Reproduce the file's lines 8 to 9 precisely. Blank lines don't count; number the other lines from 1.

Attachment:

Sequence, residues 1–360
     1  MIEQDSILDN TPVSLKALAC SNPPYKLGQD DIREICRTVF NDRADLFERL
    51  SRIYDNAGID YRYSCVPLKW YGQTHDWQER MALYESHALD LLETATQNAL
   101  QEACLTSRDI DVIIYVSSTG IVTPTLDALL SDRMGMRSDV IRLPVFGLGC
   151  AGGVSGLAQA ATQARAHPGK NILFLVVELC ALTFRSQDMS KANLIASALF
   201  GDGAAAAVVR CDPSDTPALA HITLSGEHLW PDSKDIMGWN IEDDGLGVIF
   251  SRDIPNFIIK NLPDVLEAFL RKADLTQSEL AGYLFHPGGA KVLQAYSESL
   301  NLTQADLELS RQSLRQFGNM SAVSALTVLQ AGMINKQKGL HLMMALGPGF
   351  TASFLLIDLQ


   301  NLTQADLELS RQSLRQFGNM SAVSALTVLQ AGMINKQKGL HLMMALGPGF
   351  TASFLLIDLQ